The Dig went through three phases of development while in production, each with different project leaders.

The first phase was led by Noah Falstein. In this version, the game was set upon a jungle planet, very unlike the final version. One major part of this version apparently was that you had to collect and consume food and water to keep your character alive.

The second phase was led by Brian Moriarty. Moriarty tossed out all of the old art from the first version, as well as the "collecting resources" RPG-style elements.

In this version, there were four characters: Boston Low, Ludger Brink, Judith Robbins, and Toshi Olema, a Japanese physicist. As in the final game, this crew was transported to an alien planet via a ship disguised as an asteroid.

This version was controlled via a standard LucasArts-style interface at the bottom of the screen containing visual icons for the functions Examine, Pick up, Use, Move, and Talk, as well as inventory items. Strangely, the game was not programmed in LucasArts' standard SCUMM engine, but instead something called StoryDroid Development System.

After a long series of internal conflicts, Brian Moriarty left the company and Sean Clark took over the project. Clark was the one who actually got the game finished. He changed Judith's name to Maggie and removed Toshi Olema from the plot.

In early betas of Sean Clark's version, the characters looked the same as they did in Brian Moriarty's version (with Low and Robbins both having blond hair). These sprites were later changed and made more visually striking.

In addition, though early betas of this new version used an interface at the bottom of the screen with the same icons for interaction as in Moriarty's game, this was later rejected for the final "one-click-does-it-all" interface which the public saw.

Also, the voices in the final game were not the same as those heard in early betas of Clark's The Dig. Those unused voices lasted long enough to be present in the official demo of The Dig.

Extras

Some copies of The Dig came with a free copy of the Trade Paperback version of Alan Dean Foster's game novelization (a $12.95 value according to the box sticker).

Novel

Although there's no movie based on it, there is a book based on the game, also called The Dig, written by science fiction writer Alan Dean Foster.

References

  • Main character Boston Low is voiced by Robert Patrick, who incarnated the evil liquid terminator in the movie Terminator 2. At one point in the game, Boston shows Maggie a photo of lost comrade Brink, and asks her "Have you seen this boy?", paraphrasing the evil terminator's trademark question in that popular movie. Also, when the player looks at his PenUltimate he's gonna say that it's the "T-1000 Model".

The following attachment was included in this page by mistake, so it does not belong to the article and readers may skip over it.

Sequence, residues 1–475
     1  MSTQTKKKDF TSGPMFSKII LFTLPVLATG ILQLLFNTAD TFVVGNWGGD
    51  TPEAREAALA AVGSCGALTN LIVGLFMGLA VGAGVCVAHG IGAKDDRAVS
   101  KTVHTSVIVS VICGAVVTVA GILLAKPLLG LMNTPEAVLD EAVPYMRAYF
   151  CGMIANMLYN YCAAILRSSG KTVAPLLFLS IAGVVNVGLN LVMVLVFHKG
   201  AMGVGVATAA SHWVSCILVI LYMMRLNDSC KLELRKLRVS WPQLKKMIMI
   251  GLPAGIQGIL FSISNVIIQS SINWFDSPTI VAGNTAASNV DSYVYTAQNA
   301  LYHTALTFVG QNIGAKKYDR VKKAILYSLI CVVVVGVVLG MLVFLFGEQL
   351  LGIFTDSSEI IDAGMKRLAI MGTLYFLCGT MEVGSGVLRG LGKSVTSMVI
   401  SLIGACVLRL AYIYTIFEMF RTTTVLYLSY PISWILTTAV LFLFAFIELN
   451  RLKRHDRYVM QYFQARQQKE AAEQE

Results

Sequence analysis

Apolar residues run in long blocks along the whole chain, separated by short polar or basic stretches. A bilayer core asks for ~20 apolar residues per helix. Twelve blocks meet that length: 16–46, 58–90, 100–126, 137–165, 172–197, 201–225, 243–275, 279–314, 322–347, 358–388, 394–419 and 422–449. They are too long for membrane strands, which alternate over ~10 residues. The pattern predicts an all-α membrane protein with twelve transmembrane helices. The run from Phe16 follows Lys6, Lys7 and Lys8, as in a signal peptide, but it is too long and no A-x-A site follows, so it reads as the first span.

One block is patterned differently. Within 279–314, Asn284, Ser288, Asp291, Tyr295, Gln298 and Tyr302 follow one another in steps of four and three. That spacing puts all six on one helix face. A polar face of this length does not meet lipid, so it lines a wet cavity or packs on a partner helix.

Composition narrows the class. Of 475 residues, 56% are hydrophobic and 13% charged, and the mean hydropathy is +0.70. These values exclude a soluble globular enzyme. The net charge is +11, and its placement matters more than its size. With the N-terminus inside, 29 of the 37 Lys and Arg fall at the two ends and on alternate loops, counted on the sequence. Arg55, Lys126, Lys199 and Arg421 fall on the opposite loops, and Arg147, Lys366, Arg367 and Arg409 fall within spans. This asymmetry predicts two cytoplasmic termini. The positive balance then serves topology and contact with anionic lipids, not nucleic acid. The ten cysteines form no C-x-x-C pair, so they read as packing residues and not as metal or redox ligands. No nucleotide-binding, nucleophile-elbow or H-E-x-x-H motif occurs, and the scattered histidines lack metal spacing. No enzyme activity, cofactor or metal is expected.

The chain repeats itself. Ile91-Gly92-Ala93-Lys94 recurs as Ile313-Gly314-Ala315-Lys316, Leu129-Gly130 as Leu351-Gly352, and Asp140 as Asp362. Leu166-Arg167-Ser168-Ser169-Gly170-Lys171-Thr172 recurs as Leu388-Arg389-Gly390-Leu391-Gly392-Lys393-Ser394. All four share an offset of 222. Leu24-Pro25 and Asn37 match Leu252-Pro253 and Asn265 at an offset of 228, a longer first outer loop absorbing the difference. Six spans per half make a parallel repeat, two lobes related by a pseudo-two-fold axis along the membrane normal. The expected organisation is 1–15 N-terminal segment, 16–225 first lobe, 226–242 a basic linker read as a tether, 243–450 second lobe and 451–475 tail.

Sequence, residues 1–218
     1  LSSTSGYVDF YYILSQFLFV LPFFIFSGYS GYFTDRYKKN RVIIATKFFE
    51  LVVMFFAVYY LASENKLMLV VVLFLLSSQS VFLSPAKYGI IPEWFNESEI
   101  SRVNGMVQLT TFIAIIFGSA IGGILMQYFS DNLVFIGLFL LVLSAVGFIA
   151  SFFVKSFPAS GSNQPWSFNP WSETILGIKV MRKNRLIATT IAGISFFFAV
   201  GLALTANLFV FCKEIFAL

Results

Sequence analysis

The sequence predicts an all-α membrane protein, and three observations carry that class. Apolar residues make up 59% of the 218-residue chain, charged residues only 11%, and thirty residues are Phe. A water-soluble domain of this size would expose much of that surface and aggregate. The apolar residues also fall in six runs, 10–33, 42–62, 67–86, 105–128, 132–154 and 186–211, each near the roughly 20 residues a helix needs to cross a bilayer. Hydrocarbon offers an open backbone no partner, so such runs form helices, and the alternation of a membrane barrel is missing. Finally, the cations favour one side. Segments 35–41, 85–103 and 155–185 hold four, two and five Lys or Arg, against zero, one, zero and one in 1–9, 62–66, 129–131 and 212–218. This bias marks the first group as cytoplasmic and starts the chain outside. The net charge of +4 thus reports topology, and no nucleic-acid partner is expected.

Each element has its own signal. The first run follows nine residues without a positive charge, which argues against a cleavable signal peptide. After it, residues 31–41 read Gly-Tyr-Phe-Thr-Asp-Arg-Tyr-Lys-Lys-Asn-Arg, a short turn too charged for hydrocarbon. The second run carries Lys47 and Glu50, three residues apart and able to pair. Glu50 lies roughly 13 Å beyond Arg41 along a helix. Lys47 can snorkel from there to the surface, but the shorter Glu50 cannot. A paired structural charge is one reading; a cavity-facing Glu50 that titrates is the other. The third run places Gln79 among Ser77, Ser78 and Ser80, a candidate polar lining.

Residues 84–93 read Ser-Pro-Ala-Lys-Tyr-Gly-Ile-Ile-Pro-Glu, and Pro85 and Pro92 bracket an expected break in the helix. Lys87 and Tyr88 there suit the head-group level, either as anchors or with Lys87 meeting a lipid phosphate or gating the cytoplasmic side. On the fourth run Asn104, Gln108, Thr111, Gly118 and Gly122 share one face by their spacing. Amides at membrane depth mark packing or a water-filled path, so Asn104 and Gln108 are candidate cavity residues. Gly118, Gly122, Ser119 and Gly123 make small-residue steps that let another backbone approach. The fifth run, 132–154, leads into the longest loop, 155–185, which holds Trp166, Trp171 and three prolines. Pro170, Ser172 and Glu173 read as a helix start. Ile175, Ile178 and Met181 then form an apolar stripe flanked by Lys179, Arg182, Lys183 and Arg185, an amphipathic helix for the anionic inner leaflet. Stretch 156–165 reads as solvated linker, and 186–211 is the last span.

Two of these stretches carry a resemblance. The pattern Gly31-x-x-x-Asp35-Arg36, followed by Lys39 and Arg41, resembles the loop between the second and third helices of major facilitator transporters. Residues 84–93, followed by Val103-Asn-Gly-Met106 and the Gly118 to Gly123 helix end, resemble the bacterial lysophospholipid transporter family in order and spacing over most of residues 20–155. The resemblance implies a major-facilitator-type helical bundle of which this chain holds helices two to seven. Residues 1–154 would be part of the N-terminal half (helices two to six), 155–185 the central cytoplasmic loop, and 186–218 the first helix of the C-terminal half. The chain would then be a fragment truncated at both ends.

• According to the game's demo, the ship that carries out the Attila mission in the first part of the game is Space Shuttle Atlantis. However this reference was cut from the final game.

Shapes

Take a look at the PenUltimate communicator and you will notice that there is a geometric shape on it. It is what the plates inside Atilla look like when they are put together.

Soundtrack

Even though Michael Land's score for the game was released on CD (albeit in a very low amount), it suffered from the worst 'disease' of all official soundtracks, painfully well known to collectors of film scores - it was cut, and not all the music appearing in the game was included. However, the tracks can be extracted with external utilities. Details can be found in the tips & tricks section.

Title

After finishing the game, you might start to wonder if the game's title is in any way connected to the over-usage of the shovel item in the game (main character digs holes every now and then, and rather often), because there is definitely no dig site to explore (not assuming half-blasted asteroid).

Awards

  • Computer Gaming World
    • November 1996 (15th anniversary issue) โ€“ #3 Top Vaporware Title in Computer Game History
Information also contributed by ATMachine, Boston Low, ClydeFrog, Daniel Albu, Dirk Struan, G J, Jaromir Krol, MAT, Swordmaster and Trixter

Related Web Sites

  • GJ's Dig Site (Character profiles, images including ads, screenshots, backgrounds, etc, humour.)
  • Hints for The Dig (These won't spoil the game, but will give you just what you need to solve the game. Final solutions are included.)
  • ScummVM (Get "The Dig", as well as many other adventure games, to run on modern systems by using ScummVM, a legal and free program.)
  • The Dig - FAQs & Guides (Several walkthroughs and other files on GameFaqs.com)
  • The Dig Museum (Includes interviews with creators, creation information, and "Ask Yoda" section.)
  • The Dig Soundtrack (Music from the game)
  • The Dig Walkthrough (Start to finish solution for The Dig)
robotriot (8637) added The Dig (DOS) on Nov 01, 1999
Other platforms contributed by MAT (70534) and Jason Savage (38)